‘Work in Progress’ photography exhibit offers a glimpse into the artistic eyes of students


The Perez family views the works on display during the Work in Progress photo gallery on Wednesday, Nov. 21 in the Humanities building. Daniel Perez had work on display through participation in the Intermediate Photography class. Photo credit: Evan Reinhardt

By Alexandria Alejo

On Wednesday, Nov. 20, the Moorpark College photography department held “Work in Progress”, a photography exhibit for students to showcase personal photography. The exhibit was held at the Pink Flamingo Gallery in the Humanities and Social Sciences building, a small yet intimate venue used primarily by Moorpark College’s photography students. The event lasted from 6-8 p.m., photography students displayed a variety of images ranging from landscapes and plant life to protestors on city streets.

According to Bill Short, a photography professor at Moorpark College and host of the “Work in Progress” showcase, this exhibit was a way to highlight his student’s hard work throughout the semester.

“There’s nothing like seeing your work finalized, all the hard work you put into it, all the ideas you have, to see it framed and hanging on the wall just kind of brings it full circle,” stated Short.

Aleli Perez takes a photo of Erika Perez, Daniel Perez, and Javier Perez, from left to right, during the Work in Progress photo showcase on Wednesday, Nov. 20. Daniel Perez had work of his own on display. Photo credit: Evan Reinhardt

Short also mentioned that this was most of the students’ first showcase. “The thing that’s nice is to see their faces light up when they see their work hanging on the wall. It gives them a sense of validation that their work is valuable, and that this experience is valuable,” Short added. “It gives them self-confidence to know that their work is liked and appreciated.”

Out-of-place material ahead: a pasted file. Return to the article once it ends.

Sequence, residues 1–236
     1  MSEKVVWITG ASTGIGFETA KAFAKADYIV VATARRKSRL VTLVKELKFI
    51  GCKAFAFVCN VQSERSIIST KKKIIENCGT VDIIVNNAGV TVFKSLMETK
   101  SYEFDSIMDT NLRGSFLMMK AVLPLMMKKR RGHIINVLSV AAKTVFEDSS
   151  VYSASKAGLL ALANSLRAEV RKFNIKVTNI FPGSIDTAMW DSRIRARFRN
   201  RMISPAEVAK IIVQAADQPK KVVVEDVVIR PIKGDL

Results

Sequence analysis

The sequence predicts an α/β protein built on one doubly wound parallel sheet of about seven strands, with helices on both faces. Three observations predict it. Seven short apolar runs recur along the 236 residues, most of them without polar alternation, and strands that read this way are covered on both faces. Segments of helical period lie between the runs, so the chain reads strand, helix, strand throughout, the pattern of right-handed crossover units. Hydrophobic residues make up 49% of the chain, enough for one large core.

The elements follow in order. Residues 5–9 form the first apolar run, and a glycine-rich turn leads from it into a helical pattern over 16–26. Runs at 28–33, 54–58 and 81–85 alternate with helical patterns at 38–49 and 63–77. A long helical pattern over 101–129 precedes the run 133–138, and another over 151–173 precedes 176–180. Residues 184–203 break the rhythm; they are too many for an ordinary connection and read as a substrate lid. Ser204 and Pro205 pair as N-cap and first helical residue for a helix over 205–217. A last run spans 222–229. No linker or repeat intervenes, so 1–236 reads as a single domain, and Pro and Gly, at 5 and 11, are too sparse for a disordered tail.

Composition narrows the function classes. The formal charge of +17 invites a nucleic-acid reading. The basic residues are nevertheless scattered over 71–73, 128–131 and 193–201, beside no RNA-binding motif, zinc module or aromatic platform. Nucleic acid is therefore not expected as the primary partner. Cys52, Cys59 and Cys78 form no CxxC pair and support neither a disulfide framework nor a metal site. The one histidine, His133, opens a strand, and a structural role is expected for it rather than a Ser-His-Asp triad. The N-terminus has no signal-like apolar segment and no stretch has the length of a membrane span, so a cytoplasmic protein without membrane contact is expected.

For the past three years, Short has hosted the “Work in Progress” showcase, aiming to create a free space for students to showcase and view art.

“For the school at large, it just helps create more of a sense of community and helps the photography department feel like it’s part of the school,” Short mentioned.

The showcase was held both indoors and outdoors, where the photographers, families and friends gathered to admire the art, eat and listen to music.

For Madison Graczyk, a third year photography student at Moorpark College, this exhibit was a way to display her naturalistic and colorful style. Graczyk’s section of the exhibit featured plant life in various forms. Graczyk touched on her section of the exhibit and how it displayed the plants in their most natural form.

Madison Graczyk analyzes come of the photographs displayed at the "Works In Progress" photo gallery on Wednesday, Nov. 20. Graczyk had her own work on display as part of the Intermediate Photography class. Photo credit: Evan Reinhardt

Across the exhibit, Jesus Isabeles, a third year studio arts major and photography teacher’s assistant at Moorpark College, featured a photograph of a service truck on campus. “That one’s just kind of like a snapshot of my day here, things that I find interesting,” Isabeles commented.

“I think that the significance of having exhibitions and galleries on campus, especially that are open to students, it makes the work last longer,” added Isabeles.

Groups of Moorpark students and photo enthusiasts start to gather around the photo gallery in the Humanities building, room 129, for the Work in Progress photo gallery on Wednesday, Nov. 20. Photo credit: Evan Reinhardt

The showcase also served as a way to introduce students to the professional aspects of photography.

“If they’re going to go into photography, this is one of the things they’re going to have to do from now on, even if they go into commercial work,” Short said. “They have to get used to putting their work out in the public and letting the public pass judgment on them.”

Both the Pink Flamingo Gallery and Moorpark College’s Photography Department are located on the bottom floor of the Humanities and Social Sciences building. More information can be found on Moorpark’s photography webpage.